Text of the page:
- Second, there is cell densification: the deployment of as many as several hundred thousand small cell sites in order to locate wireless transmission equipment. The millimeter spectrum bands, in particular, enable very large data throughput but have a relatively short transmission range. As a result, providers must deploy large numbers of cells close to end users.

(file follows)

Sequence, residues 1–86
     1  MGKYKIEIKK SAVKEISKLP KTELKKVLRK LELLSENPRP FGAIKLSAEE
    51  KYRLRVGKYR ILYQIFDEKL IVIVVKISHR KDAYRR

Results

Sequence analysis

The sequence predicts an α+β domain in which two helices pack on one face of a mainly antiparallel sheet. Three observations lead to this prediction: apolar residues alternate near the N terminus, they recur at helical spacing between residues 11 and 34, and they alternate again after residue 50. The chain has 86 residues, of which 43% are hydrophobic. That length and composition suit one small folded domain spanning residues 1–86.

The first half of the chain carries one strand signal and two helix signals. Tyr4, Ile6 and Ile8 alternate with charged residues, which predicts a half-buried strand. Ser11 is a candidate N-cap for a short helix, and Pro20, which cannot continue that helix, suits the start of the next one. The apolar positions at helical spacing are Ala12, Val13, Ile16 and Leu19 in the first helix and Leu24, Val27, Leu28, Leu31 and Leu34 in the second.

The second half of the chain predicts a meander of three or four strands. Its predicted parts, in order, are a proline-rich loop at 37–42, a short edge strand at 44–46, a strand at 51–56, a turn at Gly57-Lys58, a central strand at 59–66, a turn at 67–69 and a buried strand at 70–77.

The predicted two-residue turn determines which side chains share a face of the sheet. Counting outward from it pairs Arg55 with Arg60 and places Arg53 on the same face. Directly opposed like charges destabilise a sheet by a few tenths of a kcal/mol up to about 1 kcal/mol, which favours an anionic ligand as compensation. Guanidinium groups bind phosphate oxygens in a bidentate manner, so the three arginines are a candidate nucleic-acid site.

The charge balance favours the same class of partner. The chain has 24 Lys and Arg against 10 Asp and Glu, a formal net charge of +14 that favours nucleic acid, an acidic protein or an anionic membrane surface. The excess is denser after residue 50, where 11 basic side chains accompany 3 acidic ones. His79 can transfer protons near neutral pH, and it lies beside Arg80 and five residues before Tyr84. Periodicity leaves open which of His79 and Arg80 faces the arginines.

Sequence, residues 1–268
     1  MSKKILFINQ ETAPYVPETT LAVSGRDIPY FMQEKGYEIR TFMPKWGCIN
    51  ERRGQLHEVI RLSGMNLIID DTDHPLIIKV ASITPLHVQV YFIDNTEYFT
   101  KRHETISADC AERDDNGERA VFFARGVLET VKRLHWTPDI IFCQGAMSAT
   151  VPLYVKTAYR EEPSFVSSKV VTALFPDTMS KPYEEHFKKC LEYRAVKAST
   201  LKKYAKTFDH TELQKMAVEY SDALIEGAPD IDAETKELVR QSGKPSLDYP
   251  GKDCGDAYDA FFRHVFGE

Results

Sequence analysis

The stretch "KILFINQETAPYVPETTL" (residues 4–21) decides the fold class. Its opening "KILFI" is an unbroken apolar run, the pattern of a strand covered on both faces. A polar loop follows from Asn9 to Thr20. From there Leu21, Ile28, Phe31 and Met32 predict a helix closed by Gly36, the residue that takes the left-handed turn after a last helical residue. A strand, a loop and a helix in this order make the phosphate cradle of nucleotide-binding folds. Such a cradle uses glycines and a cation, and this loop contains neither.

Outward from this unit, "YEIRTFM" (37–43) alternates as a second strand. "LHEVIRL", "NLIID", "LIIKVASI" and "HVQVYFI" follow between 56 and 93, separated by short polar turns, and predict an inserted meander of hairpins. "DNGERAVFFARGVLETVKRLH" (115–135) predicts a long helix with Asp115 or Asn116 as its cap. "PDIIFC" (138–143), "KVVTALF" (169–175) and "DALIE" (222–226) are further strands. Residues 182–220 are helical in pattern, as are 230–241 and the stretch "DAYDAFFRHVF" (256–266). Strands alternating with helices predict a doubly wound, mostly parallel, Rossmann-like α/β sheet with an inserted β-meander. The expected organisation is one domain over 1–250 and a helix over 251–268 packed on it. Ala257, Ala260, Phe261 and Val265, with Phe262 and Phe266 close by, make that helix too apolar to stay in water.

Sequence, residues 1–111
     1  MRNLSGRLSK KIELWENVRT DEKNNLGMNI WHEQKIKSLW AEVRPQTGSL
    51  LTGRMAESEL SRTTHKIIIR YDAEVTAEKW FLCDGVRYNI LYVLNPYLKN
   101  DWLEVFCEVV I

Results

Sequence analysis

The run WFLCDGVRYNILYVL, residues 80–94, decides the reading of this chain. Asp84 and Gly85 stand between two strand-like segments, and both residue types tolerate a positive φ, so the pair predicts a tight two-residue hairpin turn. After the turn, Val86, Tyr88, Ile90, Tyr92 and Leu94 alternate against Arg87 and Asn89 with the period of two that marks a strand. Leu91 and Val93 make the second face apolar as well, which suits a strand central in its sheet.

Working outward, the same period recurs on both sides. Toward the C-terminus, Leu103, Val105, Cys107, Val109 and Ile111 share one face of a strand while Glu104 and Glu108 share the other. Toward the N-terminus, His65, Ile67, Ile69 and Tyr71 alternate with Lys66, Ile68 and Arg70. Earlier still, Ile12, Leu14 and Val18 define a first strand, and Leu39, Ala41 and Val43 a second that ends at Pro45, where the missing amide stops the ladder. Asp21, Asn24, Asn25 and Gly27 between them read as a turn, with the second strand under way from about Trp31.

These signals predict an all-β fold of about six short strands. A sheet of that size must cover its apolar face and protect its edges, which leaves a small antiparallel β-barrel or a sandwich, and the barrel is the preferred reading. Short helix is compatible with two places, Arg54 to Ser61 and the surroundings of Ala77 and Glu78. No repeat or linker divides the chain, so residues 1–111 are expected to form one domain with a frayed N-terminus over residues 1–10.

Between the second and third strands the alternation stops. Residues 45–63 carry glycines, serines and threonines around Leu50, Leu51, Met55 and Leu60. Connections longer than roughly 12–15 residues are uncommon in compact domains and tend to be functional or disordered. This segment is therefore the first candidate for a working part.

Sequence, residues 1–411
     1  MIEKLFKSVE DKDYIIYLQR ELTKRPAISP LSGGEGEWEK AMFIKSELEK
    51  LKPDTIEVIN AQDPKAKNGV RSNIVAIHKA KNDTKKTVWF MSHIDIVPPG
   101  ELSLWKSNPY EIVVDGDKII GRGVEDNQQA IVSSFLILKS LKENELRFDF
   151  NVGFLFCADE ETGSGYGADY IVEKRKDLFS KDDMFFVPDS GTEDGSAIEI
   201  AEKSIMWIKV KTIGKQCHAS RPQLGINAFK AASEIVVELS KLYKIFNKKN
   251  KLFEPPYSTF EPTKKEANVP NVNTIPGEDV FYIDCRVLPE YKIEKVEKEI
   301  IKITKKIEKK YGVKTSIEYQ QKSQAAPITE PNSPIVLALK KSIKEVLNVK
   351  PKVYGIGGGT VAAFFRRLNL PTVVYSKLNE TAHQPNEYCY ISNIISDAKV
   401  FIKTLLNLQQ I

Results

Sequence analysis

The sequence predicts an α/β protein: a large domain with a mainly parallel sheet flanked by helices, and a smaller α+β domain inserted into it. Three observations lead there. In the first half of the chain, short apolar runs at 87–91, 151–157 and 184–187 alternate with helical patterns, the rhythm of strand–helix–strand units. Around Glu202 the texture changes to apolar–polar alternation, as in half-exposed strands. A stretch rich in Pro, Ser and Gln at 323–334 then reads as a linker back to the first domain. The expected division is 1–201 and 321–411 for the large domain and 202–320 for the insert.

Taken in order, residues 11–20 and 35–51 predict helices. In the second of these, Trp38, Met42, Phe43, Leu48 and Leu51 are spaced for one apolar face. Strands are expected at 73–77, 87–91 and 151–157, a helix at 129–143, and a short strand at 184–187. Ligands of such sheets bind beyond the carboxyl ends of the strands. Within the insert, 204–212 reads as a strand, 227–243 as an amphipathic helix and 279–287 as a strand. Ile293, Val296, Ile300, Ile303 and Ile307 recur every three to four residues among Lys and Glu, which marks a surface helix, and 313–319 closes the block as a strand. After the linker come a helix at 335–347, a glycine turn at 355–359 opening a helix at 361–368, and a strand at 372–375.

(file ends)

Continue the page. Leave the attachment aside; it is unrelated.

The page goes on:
- Third, providers will continue to use fourth generation, or 4G, networks for years to come. 5G standards will be backward compatible, and for many years, 4G and 5G will coexist. Today there are several hundred thousand wireless cell sites in the U.S. used to provide 4G and earlier generation wireless services. About 50,000 cell sites today are small cells since there has been some cell densification to support 4G; but most are “macro cells” transmitting over much wider geographies. For example, Cisco projects that in 2021 4G will represent 93 percent of U.S. mobile traffic, while 5G will represent 6 percent. Over time, we will come to rely more and more on standalone 5G service, and eventually providers will retire 4G equipment and repurpose 4G spectrum. However, the macro cell sites and spectrum currently used for 4G services will continue to be part of the nation’s wireless architecture during and after the migration to 5G.